Stand-alone fantasy books to read.
We cannot always allow ourselves the luxury of reading multiple books. But don’t worry if you are afraid of committing to reading a series, I’ve got that covered.
Are you looking to lose yourself in a fantasy world of magic, illusions and the impossible? Fantasy books often require immense world-building, which may result in the story becoming a series. I know what you are thinking, there’s just not enough time! We cannot always allow ourselves the luxury of reading multiple books. But don’t worry if you are afraid of committing to reading a series, I’ve got that covered. Here are a few stand-alone fantasy books that I enjoyed (in no particular order):
Night Circus by Erin Morgenstern
This excellent book by Erin Morgenstern will transport you to a world of magic and illusions, set in the background of an enchanting Circus. It is a tale of love and rivalry, a competition that may result in a tragedy. It has it all. I can remember that the first time I read this book, it felt like a dream.
House of Salt and Sorrows by Erin Craig
Erin. A. Craig has retold the fairy tale of “Twelve Dancing Princesses”. One of Grimm’s lesser-known fairy tales is the story of twelve beautiful princesses who go dancing at midnight. In Erin’s book, the Princesses become the daughters of a Duke from an island. On the strange island and large but horror-filled house by the sea, Annaleigh races against time to find out the mysteries that plague her family, threatening to kill them off one by one. This retelling is a whodunnit and a gothic thriller. It is a delightful and surprisingly refreshing retelling of a fairy tale. You will find yourself thinking is that the sea I smell?
The Kingdom of the back by Marie Lu
In this book, Marie Lu tells the story of Nannerl Mozart, the real-life older sister of the legendary composer, Wolfgang Amadeus Mozart. It becomes a historical fantasy that focuses on the other Mozart, who is trying to make the world remember her. I always enjoy a Historical fantasy and this book is one of a kind. It brilliantly captures the bond between siblings and the surreal magic is wonderful. The setting, the atmosphere and the narration are out of this world. Oh, and the cover page is to die for!
Good Omens by Neil Gaiman and Terry Pratchet
This is a collaborative work of fiction written by Neil Gaiman and Terry Pratchet. It tells a humorous story about the apocalypse brought about by Satan’s child as predicted in the Bible. An angel and a demon join forces to stop the apocalypse and save the world—hilarity ensues. There is also a mini-series on Amazon Prime that most people would find scandalous to traditional Christian belief, so I immensely enjoyed it.
The House in the Cerulean Sea by T.J Klune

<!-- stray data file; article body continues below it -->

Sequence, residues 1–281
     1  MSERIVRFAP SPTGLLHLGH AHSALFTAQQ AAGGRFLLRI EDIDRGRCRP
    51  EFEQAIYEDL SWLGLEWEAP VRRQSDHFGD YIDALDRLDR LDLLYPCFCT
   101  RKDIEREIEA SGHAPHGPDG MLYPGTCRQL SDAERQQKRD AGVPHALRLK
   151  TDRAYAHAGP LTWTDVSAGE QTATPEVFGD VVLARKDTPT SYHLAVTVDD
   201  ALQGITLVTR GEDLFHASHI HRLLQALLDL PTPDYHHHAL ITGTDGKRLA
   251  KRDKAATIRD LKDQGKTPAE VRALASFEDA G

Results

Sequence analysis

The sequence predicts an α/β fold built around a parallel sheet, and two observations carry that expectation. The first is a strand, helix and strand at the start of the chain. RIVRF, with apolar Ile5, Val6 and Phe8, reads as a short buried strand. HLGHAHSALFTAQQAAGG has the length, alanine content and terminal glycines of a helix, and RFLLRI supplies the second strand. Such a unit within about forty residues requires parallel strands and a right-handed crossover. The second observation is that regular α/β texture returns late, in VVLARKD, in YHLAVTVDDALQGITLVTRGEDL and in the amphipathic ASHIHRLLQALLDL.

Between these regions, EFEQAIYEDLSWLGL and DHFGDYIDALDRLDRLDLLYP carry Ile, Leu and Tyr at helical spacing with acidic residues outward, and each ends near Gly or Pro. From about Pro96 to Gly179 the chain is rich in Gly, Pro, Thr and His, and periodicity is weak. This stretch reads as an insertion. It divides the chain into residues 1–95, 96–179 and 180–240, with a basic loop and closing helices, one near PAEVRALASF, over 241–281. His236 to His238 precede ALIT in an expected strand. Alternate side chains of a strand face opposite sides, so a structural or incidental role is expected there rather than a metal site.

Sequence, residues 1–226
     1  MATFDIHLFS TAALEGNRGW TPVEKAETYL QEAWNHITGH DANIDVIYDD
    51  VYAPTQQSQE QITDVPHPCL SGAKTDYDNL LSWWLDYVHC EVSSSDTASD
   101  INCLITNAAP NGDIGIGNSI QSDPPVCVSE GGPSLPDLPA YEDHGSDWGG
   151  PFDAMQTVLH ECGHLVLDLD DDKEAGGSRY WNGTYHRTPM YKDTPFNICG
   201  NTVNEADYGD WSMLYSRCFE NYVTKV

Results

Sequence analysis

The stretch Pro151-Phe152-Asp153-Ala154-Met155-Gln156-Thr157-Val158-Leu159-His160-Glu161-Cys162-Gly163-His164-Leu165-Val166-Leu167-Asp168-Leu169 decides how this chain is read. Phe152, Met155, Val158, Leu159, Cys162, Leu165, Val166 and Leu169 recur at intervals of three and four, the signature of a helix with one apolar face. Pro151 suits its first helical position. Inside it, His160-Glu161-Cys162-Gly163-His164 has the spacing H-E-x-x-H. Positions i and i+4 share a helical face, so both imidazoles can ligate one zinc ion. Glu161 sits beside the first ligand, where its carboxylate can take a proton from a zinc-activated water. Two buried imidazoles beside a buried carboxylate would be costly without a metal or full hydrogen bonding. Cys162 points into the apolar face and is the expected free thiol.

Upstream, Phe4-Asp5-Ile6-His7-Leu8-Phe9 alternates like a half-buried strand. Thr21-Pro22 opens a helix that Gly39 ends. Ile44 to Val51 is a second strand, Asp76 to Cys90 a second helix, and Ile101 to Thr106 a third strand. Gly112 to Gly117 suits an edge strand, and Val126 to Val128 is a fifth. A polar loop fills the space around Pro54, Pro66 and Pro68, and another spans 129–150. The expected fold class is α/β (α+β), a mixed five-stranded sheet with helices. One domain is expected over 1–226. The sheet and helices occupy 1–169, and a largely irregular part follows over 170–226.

This book by T.J Klune is one of my favourites on this list. It is a story of finding love and family in an unexpected place and realising that it was your family all along. I am a sucker for “found family”, and this falls right into my alley. The magic involved in the book gave me a bit of Harry Potter vibes, and I loved it. It is sweet, comforting and shows kindness in a world that so badly needs compassion. If you read only one book on this list, let this be it.
The girl who drank the moon by Kelly Barnhill
Kelly Barnhill does a fantastic job telling us a fairy tale of a kind witch. Instead of a witch who takes children and harms (eats?) them, we have a witch who protects children and helps them. The story is brisk paced, set in an enchanted land, and comes to a very satisfying end. The book is aimed at younger readers. However, it can be enjoyed by everyone nevertheless (don’t let anyone tell you, that you are a little too old for those books)
The invisible life of Addie La Rue by V.E Schwab
This is a gem of a book from V.E Schwab. The protagonist Addie finds herself an immortal. However, no one can remember her or her name even. Immortality is her blessing and invisibility is her curse, however, after hundreds of years, a man finally remembers her. This story follows Addie, the tricky God who granted her immortality, and the man who can yet see her. It’s dangerous and heartbreaking all at once.
Sorcery of Thorns by Margaret Rogerson
Margaret Rogerson does a fine job constructing a sly, amusing magical adventure filled with libraries that have talking books and mighty sorcerers. There’s a conspiracy, there’s fighting, there’s everything that we look for in a fantasy book. There are not many characters, but few so brilliantly written that you will love the book. Buy the book for the beautiful cover, read it for the creative magic and lush world inside.
Lore by Alexandra Bracken
Alexandra Bracken does a beautiful job in this book. Based on Greek Mythology and stories we know, she manages to create a captivating tale. This is a cross between Percy Jackson and Hunger Games. A brilliant book for fans of Greek Mythology; get yourself a copy and dive into the world of Lore.
Circe by Madeline Miller
Madeline Miller’s Circe is a retelling of the story of Circe from her perspective. We get to see her life from the eyes of a protagonist and not the villain. This is a story that will remind us that women are heroes in their own right. This is also for the Greek Mythology fans